All organizations have levels of work and authority—executives, upper managers, line managers, the workforce, and so on. Understanding the hierarchical structure gives you power, because you can decide if you can work within it and are capable of climbing through its ranks, or whether it will be endlessly frustrating to you.

In a traditional pyramid hierarchy, for example, the people at the bottom tend to have very little autonomy to make decisions. This gets better as you rise up through the pyramid, but even middle managers have little power to create policy; they are more concerned with enforcing the rules the top leaders make.

If having a high degree of autonomy and accountability is important to you, you may do better in a flat hierarchy where work teams can design their own way of achieving the corporate goals.

5. What’s the most important thing the successful candidate could accomplish in their first 3 months/6 months/year?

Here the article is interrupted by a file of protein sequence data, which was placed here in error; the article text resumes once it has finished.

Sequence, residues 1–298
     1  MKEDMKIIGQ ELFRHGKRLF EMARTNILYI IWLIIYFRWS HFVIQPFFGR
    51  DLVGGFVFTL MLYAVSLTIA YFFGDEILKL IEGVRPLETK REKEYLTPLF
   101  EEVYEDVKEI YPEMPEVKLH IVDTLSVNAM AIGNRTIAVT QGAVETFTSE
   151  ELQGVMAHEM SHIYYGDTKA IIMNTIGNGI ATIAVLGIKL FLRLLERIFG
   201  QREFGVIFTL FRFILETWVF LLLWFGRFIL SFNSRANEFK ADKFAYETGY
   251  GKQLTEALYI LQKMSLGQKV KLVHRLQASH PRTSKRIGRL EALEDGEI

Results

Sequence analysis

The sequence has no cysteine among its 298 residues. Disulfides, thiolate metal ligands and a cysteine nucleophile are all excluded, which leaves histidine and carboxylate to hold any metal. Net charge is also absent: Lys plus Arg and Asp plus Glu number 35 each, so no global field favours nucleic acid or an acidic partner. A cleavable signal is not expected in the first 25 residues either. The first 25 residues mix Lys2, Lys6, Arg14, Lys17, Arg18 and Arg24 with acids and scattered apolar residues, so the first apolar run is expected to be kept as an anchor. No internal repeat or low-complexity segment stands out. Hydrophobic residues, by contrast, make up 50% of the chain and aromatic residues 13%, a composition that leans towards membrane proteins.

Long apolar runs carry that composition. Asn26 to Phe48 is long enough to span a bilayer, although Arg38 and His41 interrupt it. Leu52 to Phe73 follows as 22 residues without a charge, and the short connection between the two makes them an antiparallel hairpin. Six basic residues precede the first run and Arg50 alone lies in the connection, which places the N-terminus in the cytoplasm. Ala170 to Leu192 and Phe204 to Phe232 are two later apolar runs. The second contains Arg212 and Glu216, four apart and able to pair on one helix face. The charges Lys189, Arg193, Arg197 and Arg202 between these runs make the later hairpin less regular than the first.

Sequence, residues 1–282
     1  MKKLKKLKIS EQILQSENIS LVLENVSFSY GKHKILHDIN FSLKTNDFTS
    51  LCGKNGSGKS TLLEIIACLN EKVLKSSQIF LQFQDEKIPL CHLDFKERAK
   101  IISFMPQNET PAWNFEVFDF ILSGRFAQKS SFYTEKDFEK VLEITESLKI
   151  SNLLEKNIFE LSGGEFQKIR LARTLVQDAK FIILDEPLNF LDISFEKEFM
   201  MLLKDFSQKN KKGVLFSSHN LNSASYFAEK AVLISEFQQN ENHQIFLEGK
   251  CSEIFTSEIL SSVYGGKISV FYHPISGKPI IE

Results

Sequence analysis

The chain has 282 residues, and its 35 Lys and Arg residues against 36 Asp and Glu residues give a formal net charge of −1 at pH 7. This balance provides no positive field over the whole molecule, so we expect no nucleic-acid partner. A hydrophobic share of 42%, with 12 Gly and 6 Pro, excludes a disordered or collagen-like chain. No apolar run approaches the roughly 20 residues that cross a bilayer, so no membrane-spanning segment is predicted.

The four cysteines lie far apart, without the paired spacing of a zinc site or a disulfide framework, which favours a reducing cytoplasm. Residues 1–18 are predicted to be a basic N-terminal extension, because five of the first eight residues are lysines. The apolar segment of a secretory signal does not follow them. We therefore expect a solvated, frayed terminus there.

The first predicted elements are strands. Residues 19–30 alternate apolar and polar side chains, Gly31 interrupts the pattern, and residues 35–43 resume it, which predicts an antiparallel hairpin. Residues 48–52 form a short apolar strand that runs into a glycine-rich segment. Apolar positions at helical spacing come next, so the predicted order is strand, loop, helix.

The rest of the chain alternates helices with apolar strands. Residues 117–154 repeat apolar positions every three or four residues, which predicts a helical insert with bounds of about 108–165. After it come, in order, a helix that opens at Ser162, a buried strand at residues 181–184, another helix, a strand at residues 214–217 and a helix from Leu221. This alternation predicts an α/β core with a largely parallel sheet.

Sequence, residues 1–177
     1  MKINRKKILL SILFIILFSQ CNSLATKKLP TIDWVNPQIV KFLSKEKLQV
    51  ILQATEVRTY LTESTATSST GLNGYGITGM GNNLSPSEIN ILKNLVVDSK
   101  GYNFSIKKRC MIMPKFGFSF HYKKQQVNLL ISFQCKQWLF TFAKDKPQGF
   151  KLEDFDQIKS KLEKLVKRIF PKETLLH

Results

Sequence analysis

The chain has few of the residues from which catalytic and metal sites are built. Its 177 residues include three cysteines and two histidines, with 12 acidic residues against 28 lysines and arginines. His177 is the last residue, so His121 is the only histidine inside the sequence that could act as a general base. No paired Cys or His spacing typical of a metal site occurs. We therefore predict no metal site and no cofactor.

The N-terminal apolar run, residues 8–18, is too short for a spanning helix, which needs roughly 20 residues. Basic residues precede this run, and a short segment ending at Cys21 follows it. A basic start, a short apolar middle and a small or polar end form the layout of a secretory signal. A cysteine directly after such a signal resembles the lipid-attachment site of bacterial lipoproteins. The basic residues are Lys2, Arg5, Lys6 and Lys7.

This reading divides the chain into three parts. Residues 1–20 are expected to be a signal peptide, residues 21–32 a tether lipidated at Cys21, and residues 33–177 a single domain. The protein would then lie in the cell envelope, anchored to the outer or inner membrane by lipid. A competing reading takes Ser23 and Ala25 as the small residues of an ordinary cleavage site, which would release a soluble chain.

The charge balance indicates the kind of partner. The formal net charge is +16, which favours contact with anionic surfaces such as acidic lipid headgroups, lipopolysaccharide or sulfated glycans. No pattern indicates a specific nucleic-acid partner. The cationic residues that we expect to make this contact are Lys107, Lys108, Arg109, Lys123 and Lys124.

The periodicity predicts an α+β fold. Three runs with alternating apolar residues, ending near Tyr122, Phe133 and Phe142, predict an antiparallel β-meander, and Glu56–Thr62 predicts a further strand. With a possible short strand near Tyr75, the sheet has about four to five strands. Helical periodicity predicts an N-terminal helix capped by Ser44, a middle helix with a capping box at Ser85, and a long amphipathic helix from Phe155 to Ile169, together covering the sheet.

Of all the questions to ask in a job interview, this one is impressive because it shows that you identify with and want to be a successful performer, and not just an average one.

Here, you’re drilling down into what the company needs, and needs quite urgently, proving that you’re all about adding value to the organization and not just about what’s in it for you.

How it helps you:

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Most job descriptions come with 8, 10 or 12 different job responsibilities and a lot of them with be boilerplate or responsibilities that someone in HR thinks are associated with this role. This question gives you a better sense of which responsibilities are the most important—and they may not be what initially attracted you to the role.